Relapse of the Flu; Is That a Real thing?

March 5, 2017

After escaping flu during the 2015-2016 it has recently reminded many of us of the misery it can cause. The misery, however bad, is generally short lived for most; seven days being the typical course of illness, though in an unlucky few it can stretch to two weeks.

However, for medical providers it is less about the flu (no disrespect to all of you suffers), but the “relapse” which some have one to two weeks after they recover which is the big concern. That is likely not a relapse, but rather pneumonia.

Those at high risk for developing a post-influenza pneumonia are as follows: under age 2 or over 65, pregnant women or patients with underlying diabetes, heart disease or asthma.

By the time many patients are seen at Urgent Care, or by their doctor, it is too late to provide any effective treatment. The only treatment option, oseltamivir must be started within 48 hours to provide any effect and then on average it only speeds recovery by one day.

Armed with this, incomplete knowledge, some patients when they have what they believe to be a second round of flu simply stay home with their chicken soup, and over the counter meds. This unfortunately is a mistake.  Typically pneumonia symptoms are fever, cough, body aches, headache, decrease appetite (sounds like flu!).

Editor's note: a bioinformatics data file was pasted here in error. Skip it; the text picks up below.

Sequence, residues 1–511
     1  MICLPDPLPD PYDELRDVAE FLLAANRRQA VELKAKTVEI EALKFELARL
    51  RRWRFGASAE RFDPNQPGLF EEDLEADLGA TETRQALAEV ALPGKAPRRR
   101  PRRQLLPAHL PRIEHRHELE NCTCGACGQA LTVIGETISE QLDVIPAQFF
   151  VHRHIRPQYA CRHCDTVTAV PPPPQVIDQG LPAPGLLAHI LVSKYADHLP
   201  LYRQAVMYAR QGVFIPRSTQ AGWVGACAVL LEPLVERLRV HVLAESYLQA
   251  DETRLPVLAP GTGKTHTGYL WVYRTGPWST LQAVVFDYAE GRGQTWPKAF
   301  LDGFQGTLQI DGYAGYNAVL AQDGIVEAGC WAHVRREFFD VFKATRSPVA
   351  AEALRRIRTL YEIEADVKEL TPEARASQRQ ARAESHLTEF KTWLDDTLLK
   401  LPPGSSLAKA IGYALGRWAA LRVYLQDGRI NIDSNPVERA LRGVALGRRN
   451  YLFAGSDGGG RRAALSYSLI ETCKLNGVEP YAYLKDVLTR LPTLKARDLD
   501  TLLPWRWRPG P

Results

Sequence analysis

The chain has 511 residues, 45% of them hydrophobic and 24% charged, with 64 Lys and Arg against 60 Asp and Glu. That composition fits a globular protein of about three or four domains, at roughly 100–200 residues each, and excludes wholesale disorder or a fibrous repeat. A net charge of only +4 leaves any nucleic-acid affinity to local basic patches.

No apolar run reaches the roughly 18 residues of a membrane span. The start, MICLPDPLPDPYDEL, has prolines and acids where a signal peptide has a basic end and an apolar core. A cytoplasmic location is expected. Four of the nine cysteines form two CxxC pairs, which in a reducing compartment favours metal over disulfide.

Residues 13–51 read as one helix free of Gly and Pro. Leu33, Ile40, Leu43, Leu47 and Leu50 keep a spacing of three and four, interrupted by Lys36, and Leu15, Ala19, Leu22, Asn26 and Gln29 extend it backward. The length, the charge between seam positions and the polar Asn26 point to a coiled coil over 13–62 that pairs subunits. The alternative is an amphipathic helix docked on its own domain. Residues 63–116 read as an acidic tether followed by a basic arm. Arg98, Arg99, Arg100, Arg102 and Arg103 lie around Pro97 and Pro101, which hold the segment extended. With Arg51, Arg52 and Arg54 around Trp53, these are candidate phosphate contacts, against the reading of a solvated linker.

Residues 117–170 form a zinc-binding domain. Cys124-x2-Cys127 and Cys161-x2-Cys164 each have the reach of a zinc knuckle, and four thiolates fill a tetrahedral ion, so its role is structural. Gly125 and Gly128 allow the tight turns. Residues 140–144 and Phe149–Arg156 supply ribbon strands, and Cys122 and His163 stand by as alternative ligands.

If you are not in a high risk group (see above) the first time you experience flu symptoms and wish to rely on home remedies that is great.   The high risk patients with flu, should be seen as soon as possible after the onset of symptoms and certainly within the first 48 hours.  Do not believe the myth of “flu relapse”, that unfortunately is not the way it usually works.  For pneumonia, antibiotics have actually been shown to be better than chicken soup (sorry mom)!

David Gude, MD

 

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